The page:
Tag Archives: 2009

Kitchen floor

The kitchen floor before refinishing

The white vinyl floor didn’t look terrible, but it was vinyl. So it had to go.

We successfully ignored the vinyl floor in our kitchen for two years. It wasn’t offensive (although the white did tend to show dirt quickly). It even matched the tile backsplash. But floor in the living room appeared to run interrupted underneath the vinyl, suggesting the fir continued into the kitchen. While my wife was out of town for a week, I pried up the transition strips, slid a putty knife under the vinyl and tore up a strip while hoping the fir didn’t end butted up against a sheet of plywood or had rotted.  Continue reading

Limbert No. 238 Tabouret


Limbert's No. 238 tabourette reproduced in cherry.

Limbert’s No. 238 tabourette reproduced in cherry.

The original version of this side table sold for $7.00 in Limbert’s 1905 catalog. Like other of Limbert’s best pieces, its design transcends the period, making it a bit of chameleon at home with many styles. The original was built of quartersawn white oak with a fumed finish. I chose to build it in cherry following an article from the November 2003 issue of Popular Woodworking.

The project provides a fine introduction to pattern routing since each leg is identical. The article calls for arranging the rabbeted legs in a pinwheel pattern, which makes for an awkward glue up since the parts want to slip when clamped. If I were building another (easy enough to do with the pattern prepared), I might rabbet both sides of each leg to produce a centered tongue, then assemble in stages, beginning with gluing two opposing legs together and finishing by gluing the remaining legs in the grooves formed by the meeting of the opposed tongues.

I began by selecting the best wood (“best” a relative term for the mediocre stock I had on hand) for the top, gluing it up. I then marked out the legs, cut out rough blanks, and used a bearing bit in the router guided by the pattern to cut the legs to final shape. I sanded through 400 grit, taped off the joints, and applied a couple of coats of boiled linseed oil. After glue up, the top was attached using brackets.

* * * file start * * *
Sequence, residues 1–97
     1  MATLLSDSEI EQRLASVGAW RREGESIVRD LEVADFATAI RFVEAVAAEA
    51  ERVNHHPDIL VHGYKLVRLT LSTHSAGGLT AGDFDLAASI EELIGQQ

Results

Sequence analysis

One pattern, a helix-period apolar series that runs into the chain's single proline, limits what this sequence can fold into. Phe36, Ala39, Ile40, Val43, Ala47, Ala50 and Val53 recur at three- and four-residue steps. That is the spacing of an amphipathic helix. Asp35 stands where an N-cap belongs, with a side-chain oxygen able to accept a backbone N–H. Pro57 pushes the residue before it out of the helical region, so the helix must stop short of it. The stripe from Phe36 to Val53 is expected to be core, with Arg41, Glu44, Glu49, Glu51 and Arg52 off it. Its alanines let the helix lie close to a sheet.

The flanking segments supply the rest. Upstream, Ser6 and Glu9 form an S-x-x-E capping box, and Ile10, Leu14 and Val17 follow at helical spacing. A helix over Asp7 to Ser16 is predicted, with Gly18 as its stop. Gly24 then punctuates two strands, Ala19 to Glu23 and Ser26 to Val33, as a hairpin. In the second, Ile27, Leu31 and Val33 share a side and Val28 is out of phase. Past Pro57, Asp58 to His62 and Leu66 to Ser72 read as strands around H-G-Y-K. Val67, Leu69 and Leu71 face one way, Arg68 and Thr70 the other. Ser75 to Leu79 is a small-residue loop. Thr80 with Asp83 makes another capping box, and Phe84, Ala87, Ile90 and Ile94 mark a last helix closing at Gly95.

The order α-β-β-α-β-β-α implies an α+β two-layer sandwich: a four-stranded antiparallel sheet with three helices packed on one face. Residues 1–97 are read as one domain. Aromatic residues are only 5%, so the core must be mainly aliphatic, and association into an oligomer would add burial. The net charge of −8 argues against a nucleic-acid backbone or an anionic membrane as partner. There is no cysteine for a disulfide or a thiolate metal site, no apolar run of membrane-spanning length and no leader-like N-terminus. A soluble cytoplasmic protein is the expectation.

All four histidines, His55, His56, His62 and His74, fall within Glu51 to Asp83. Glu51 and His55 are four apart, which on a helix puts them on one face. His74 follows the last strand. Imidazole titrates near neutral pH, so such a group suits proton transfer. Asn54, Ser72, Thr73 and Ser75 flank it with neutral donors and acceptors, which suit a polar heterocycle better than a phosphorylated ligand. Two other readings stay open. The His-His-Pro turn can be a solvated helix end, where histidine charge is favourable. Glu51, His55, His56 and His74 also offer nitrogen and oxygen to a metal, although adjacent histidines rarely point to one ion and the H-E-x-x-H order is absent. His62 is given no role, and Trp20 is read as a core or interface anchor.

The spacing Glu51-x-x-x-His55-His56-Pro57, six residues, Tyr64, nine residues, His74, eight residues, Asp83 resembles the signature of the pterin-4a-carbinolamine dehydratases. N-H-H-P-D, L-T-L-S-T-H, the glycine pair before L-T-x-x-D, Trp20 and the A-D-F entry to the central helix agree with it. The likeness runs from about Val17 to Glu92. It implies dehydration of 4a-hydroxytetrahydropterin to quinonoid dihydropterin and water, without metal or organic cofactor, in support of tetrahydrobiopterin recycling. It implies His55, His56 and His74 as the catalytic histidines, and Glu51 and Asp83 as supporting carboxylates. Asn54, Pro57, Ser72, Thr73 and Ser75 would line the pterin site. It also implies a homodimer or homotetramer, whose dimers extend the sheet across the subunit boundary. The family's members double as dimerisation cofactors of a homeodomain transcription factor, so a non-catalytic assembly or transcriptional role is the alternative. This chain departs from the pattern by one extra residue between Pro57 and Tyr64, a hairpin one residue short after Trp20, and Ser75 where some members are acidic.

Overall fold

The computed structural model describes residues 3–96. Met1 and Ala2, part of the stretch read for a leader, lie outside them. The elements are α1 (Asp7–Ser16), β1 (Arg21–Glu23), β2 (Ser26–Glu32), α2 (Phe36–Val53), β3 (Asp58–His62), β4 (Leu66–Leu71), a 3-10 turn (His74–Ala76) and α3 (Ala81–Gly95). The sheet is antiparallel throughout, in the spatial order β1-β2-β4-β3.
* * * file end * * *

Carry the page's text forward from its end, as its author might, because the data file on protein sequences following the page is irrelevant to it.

More Information

Model in the Sketchup Warehouse

Popular Woodworking’s Arts & Crafts Furniture (Amazon link) collects some of the magazine’s most popular Arts & Crafts projects, including this tabouret.


One of the side sections. Deciding how and where to adjust the fence to meet the slope of the yard required quite a bit of head scratching.

One of the side sections. Deciding how and where to adjust the fence to meet the slope of the yard required quite a bit of head scratching.

To keep fence construction manageable we tackled the three sections (two sides and back) one at a time. Construction began with a materials list–gravel, concrete, pressure treated posts, cedar, and stainless steel screws–and a trip to Mill Outlet Lumber. Then it was time for demolition. Taking a chain link fence down is relatively easy, but posts set in concrete are another matter. If the posts weren’t located where new posts would go in, I cut the posts off with a reciprocating saw where they met concrete. Digging out the posts that had to go was less pleasant.